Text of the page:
Red flag: A candidate who does not recognize the value of putting a patient (and even family members) at ease when entering the room fails to understand that quality patient care is a combination of both interpersonal and clinical skills. This failure can reduce the trust the patient has in the CNA, and therefore increase the risk of patient resistance or refusal of care.
What would you do if you saw a co-worker yelling at a patient?
What you want to hear: Quality patient care demands remaining calm and respectful at all times, even when challenged. It is the responsibility of each CNA to ensure not only that they follow this protocol, but that their colleagues do as well. Listen for a candidate who will have the courage to step into a situation where a colleague is behaving inappropriately. They should be able to explain how they would diffuse and take control of the situation, including calmly asking the colleague to tend to something away from the patient, comforting the patient with listening skills and a pleasant demeanor, and resolving the cause of conflict or seeking a supervisor’s assistance.
Red flag: A candidate who is not prepared to take aggressive and appropriate action when a co-worker is being combative with a patient is failing to be a productive team player and is putting the patient’s health at risk.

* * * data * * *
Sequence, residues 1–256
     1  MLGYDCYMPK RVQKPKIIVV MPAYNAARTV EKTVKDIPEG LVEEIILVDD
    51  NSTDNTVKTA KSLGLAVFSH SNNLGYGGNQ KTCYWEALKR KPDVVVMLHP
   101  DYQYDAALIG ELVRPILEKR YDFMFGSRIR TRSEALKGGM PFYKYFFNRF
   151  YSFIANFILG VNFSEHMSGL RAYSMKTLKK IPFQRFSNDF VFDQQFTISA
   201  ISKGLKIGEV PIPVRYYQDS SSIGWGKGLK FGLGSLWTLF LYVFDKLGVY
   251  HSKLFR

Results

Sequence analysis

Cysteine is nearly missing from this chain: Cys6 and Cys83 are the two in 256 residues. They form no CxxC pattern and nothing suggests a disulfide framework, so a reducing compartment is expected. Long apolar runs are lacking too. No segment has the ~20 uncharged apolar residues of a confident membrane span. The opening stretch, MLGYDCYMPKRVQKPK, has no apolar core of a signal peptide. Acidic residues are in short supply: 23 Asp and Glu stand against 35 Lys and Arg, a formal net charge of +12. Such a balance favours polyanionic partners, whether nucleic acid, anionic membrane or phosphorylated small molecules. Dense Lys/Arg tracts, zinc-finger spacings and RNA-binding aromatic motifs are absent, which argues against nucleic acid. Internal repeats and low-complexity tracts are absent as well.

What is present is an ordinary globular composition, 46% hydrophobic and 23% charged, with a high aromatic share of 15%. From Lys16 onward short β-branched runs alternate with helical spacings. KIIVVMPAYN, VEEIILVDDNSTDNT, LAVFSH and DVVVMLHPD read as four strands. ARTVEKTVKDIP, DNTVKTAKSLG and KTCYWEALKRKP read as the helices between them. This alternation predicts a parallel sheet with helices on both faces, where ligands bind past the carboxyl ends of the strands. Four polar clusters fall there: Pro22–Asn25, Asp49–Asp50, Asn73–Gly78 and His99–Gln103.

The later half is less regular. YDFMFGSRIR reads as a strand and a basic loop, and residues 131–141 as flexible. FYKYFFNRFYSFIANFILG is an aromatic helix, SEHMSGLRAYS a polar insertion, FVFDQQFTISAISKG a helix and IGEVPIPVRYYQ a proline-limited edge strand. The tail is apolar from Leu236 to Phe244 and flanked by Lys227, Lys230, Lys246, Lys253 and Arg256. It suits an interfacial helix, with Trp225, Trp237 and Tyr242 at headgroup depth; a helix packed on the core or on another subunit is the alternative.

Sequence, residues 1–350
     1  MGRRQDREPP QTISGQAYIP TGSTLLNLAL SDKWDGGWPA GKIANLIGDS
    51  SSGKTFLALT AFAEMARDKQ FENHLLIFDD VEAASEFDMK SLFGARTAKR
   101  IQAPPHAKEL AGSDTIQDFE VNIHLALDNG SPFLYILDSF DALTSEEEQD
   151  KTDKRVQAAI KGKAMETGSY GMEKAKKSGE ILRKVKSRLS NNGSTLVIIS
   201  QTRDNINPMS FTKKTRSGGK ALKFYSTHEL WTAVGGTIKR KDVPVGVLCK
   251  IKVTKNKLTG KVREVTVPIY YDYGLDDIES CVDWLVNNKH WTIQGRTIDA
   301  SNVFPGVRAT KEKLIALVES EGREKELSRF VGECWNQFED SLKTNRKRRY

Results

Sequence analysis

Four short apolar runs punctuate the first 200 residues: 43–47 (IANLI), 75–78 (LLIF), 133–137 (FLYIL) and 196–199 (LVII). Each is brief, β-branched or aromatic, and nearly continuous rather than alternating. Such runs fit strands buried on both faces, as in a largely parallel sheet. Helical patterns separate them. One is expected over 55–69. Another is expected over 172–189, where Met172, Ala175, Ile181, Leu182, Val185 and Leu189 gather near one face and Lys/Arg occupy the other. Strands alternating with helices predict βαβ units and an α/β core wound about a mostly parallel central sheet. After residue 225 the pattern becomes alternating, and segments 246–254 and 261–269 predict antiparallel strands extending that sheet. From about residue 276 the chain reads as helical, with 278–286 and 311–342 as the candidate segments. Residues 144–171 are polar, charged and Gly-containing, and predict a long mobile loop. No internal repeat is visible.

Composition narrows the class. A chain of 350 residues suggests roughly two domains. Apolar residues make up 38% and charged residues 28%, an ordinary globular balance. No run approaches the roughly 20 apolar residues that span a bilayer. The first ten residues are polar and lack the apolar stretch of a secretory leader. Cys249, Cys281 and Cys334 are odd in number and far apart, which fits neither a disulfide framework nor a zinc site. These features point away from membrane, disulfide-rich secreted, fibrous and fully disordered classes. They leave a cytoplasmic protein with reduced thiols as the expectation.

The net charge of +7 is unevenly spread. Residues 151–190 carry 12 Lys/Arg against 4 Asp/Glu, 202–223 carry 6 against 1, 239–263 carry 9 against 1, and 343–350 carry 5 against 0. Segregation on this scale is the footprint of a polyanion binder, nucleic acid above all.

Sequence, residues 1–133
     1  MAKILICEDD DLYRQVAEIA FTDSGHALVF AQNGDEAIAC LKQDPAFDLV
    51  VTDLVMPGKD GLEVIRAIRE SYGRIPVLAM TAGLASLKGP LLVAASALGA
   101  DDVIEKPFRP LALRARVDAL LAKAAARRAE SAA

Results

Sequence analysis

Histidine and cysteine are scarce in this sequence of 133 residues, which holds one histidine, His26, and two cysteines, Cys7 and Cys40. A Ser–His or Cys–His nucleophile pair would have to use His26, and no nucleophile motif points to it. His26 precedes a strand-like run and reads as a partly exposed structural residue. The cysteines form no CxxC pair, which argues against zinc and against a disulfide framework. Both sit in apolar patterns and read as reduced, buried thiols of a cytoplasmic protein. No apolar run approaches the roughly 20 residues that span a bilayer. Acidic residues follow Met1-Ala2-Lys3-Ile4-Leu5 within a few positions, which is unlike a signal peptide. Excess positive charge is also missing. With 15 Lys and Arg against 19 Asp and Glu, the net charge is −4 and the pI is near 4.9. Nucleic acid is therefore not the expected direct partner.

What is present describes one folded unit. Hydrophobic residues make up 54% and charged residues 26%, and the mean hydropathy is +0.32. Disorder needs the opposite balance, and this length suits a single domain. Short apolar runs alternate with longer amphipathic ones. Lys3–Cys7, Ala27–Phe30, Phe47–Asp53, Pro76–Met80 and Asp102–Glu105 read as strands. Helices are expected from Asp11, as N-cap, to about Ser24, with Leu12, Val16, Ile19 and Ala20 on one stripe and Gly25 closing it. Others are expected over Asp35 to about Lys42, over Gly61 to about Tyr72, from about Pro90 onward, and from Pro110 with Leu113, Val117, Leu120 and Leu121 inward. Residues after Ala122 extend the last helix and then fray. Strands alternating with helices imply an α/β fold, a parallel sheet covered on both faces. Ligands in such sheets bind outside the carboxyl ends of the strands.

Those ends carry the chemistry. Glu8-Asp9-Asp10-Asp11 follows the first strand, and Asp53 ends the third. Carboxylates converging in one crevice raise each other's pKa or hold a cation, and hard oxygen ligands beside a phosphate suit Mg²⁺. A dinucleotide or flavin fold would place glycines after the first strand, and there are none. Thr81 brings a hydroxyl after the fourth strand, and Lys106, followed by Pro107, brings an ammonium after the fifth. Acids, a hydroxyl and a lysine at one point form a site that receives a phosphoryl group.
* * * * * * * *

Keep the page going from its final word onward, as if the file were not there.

What moment as a CNA are you most proud of?
What you want to hear: A strong candidate will speak of an accomplishment with pride and enthusiasm. Was it a specific outcome they helped achieve for a patient? Was it an academic achievement such as obtaining CNA certification? A special accomplishment as a member of a team? There is no right or wrong answer, but you want to see an energetic response from the candidate.
What would you do if you notice new or disturbing symptoms in a patient?
What you want to hear: The best CNA knows how to carefully observe a patient and either provide care or report in a timely manner to the appropriate medical professionals. Your candidate should be able to readily outline their process for observation, treatment, notification, and documentation, and provide examples from a previous employer. They should also clearly explain their protocol if emergency care is required.
Red flag: A CNA who cannot provide a clear and thorough response to this question is a serious risk to the patient. As well, a candidate must have absolute clarity on what treatments they are trained and authorized to provide as a non-medical assistant, and those that require professional medical attention. Not being able to explain this information clearly should be a serious concern for a potential employer.
Every interview question can help get you closer to the right fit for your Certified Nursing Assistant position.
Be sure to keep an eye out for candidates who:
- Who possess a current CNA certification
- Have excellent interpersonal and clinical skills
- Have a strong grasp on HIPAA and other healthcare regulations